the direction is a three-dimensional normalised vector where the object faces.
This are the conditions for four main directions:

The 0.99 is set because the result of the floating point calculations can be not exactly 1, but a very close number. You can increase this number for accuracy increase.
If you want to calculate angles between directions and vectors, you can use the typescript methods of the Vector3 class in scripting tab.

Hope that helps. If you have any questions, feel free to ask

Thanks @Nikolay. I think this is confusing for students, as Rotation is shown in degrees for each object in the 3D editor, there is no display of the normalised vector for the object, and there is no tooltip on the CoBlock to indicate what the output is, and no help documentation.

This is further confused by allowing objects to move “forward”, “backward” etc.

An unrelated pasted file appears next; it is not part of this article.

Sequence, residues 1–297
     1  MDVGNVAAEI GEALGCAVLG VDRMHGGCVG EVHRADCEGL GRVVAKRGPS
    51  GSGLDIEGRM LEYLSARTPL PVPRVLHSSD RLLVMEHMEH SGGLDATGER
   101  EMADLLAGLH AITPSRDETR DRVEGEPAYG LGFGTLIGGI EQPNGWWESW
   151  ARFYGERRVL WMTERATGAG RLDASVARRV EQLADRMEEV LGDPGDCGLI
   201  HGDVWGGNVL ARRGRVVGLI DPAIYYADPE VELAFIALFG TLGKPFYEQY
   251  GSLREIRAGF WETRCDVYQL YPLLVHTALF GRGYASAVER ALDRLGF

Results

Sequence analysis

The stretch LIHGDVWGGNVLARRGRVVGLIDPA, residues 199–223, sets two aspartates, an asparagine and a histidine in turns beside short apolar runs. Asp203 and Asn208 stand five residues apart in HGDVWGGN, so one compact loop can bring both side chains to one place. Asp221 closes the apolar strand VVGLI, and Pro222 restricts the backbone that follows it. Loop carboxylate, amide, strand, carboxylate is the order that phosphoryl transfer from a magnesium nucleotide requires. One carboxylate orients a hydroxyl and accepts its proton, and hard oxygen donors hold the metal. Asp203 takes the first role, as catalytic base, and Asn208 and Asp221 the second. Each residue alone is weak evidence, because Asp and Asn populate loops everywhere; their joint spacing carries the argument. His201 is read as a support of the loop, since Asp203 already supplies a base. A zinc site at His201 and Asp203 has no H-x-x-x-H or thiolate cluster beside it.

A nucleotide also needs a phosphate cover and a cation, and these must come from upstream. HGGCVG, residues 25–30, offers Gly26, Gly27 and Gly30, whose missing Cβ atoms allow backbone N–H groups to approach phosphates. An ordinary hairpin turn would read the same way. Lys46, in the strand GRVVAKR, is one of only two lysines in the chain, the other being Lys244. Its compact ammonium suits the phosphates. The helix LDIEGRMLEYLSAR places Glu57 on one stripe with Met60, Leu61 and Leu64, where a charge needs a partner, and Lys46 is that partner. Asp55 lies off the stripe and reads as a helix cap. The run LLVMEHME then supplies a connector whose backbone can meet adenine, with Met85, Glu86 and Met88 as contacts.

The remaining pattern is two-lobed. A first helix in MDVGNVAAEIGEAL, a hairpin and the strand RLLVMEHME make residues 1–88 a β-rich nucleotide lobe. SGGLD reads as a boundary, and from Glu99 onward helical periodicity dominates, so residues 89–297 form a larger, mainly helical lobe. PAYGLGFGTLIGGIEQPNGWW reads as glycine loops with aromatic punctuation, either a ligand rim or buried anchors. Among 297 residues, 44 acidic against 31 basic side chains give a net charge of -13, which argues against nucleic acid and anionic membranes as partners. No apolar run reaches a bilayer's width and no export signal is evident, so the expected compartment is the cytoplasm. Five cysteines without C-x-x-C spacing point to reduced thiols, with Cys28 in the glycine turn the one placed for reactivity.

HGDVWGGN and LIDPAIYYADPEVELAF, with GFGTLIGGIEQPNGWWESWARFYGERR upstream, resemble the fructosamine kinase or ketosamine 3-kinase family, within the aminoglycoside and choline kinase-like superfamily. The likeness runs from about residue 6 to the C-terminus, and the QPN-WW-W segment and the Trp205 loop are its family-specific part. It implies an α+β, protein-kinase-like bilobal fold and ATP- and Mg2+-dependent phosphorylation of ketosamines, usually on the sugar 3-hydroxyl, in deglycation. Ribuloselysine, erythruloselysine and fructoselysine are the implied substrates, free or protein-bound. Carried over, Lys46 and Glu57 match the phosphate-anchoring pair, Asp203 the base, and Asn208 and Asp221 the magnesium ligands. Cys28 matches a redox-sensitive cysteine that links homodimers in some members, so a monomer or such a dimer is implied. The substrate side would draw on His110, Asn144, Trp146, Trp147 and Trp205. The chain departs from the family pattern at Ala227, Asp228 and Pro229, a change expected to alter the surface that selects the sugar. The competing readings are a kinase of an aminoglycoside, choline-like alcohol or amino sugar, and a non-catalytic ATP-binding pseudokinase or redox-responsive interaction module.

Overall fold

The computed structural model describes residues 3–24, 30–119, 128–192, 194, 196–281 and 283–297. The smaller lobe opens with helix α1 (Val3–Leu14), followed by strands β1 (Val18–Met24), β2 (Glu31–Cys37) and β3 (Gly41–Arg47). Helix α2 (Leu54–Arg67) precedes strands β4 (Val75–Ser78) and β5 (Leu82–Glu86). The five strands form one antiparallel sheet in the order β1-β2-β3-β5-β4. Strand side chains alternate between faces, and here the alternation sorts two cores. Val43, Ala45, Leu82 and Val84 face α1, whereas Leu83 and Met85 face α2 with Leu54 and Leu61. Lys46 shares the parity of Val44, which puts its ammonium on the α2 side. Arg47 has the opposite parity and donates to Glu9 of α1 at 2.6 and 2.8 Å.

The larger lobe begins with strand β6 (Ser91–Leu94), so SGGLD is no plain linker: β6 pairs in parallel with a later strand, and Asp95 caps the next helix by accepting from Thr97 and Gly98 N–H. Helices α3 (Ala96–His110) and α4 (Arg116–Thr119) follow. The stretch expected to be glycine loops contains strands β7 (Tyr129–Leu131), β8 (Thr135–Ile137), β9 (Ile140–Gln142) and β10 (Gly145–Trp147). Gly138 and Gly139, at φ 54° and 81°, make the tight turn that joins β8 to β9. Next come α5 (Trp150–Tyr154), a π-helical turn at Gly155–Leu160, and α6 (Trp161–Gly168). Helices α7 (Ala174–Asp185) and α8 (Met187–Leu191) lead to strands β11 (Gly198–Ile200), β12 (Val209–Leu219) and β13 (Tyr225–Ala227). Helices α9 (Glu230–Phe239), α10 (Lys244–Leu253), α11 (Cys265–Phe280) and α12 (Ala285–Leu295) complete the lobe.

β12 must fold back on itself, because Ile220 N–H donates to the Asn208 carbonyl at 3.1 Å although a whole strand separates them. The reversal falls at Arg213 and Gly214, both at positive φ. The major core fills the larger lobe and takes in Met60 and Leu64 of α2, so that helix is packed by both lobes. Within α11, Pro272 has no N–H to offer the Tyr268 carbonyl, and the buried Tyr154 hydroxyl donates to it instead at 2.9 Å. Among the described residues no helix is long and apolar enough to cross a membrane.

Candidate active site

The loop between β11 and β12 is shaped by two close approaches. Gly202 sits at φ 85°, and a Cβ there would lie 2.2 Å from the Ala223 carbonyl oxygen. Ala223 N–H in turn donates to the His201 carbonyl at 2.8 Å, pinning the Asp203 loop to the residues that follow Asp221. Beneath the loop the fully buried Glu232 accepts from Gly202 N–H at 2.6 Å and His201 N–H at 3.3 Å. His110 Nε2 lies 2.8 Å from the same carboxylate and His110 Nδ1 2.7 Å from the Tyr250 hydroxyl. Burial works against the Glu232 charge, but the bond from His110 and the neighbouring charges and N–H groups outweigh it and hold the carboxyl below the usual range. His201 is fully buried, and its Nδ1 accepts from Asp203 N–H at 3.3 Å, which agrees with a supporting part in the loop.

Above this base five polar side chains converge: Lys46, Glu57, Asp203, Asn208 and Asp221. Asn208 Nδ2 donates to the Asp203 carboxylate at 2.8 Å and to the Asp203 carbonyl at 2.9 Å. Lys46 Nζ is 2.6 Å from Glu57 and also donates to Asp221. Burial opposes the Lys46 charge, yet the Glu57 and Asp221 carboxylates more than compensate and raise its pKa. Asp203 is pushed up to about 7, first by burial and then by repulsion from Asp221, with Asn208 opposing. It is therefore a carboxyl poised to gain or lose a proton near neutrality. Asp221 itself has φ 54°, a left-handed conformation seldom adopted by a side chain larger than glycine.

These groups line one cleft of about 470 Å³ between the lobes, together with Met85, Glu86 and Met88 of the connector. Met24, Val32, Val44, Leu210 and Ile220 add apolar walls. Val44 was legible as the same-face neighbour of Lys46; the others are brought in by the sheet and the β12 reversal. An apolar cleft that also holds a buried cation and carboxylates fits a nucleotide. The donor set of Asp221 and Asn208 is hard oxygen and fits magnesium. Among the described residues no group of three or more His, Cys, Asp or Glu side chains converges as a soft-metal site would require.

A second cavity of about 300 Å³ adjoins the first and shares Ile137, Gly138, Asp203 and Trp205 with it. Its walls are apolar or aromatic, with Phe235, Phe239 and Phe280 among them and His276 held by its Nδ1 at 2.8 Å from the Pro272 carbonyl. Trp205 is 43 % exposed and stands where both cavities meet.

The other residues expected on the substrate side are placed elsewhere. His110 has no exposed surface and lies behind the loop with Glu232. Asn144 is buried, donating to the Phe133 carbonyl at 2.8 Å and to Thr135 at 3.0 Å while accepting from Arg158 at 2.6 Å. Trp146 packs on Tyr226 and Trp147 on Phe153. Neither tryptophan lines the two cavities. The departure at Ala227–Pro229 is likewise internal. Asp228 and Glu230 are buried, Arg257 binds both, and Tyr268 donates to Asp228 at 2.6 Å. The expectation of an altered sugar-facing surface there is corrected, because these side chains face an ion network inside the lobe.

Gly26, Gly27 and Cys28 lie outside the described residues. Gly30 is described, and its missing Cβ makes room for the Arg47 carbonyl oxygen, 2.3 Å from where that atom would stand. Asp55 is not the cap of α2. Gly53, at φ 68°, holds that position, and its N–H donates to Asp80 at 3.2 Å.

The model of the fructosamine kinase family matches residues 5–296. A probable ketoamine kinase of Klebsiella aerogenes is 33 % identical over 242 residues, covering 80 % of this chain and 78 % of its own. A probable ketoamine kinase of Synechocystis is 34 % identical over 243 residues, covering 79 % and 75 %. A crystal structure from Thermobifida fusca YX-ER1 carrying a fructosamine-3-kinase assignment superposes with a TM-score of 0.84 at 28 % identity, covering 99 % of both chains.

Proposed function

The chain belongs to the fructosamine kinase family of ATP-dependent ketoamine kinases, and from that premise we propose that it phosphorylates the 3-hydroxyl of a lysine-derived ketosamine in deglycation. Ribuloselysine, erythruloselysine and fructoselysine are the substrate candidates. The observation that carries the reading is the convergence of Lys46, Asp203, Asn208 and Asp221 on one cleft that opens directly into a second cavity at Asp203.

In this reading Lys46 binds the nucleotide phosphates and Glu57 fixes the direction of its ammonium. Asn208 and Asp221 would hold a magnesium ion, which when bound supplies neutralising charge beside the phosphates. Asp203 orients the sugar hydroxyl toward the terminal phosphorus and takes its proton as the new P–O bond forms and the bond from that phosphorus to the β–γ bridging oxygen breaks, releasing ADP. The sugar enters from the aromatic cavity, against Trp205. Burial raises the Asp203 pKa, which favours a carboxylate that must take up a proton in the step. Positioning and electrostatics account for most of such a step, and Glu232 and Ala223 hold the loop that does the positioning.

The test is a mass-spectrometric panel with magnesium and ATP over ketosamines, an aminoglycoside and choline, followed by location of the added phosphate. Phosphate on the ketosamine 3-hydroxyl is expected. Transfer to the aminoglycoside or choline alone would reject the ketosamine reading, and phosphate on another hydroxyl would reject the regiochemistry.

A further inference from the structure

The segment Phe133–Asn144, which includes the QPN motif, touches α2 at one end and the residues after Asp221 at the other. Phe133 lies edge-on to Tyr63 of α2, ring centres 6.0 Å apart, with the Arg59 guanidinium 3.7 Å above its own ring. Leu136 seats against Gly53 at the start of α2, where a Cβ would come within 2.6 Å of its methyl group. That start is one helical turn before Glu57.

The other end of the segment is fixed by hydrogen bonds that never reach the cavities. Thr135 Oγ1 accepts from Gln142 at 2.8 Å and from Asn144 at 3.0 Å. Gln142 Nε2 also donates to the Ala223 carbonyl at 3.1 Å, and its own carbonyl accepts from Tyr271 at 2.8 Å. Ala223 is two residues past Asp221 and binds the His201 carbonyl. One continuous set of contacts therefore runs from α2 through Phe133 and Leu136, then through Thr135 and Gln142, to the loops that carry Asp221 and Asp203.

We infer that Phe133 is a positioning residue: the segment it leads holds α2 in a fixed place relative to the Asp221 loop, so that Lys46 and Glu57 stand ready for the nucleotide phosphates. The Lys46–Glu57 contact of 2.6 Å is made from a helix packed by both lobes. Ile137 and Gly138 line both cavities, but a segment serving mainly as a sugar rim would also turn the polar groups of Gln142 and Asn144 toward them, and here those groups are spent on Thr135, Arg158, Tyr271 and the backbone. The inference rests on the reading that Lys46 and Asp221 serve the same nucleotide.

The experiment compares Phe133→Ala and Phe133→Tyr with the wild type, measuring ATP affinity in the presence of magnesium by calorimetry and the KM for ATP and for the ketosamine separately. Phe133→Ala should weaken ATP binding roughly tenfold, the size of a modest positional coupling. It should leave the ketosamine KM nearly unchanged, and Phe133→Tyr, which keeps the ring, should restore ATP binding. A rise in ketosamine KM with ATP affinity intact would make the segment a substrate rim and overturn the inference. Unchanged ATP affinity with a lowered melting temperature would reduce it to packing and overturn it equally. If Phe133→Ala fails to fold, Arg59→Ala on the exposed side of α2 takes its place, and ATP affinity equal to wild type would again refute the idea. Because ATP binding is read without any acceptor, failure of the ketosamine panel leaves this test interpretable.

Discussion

I suggest either converting the output of the direction CoBlock to be in degrees, or adding a rotation CoBlock under the rotation section, or displaying the Rotation of objects using the normalised vector plus providing documentation on what that is. The first option is my preference, as this is simpler to understand for students - normalised vectors is pretty advanced stuff!

UPDATE: ok, so after looking into the complexity of Vector3 and local/global, position, direction, origin, normalised vectors etc I now have more insight. The tricky part for you is taking this complexity and simplifying it or making it accessible for students - I believe including the Rotation in degrees is good way to do this.

Q: the direction value seems global - is that correct?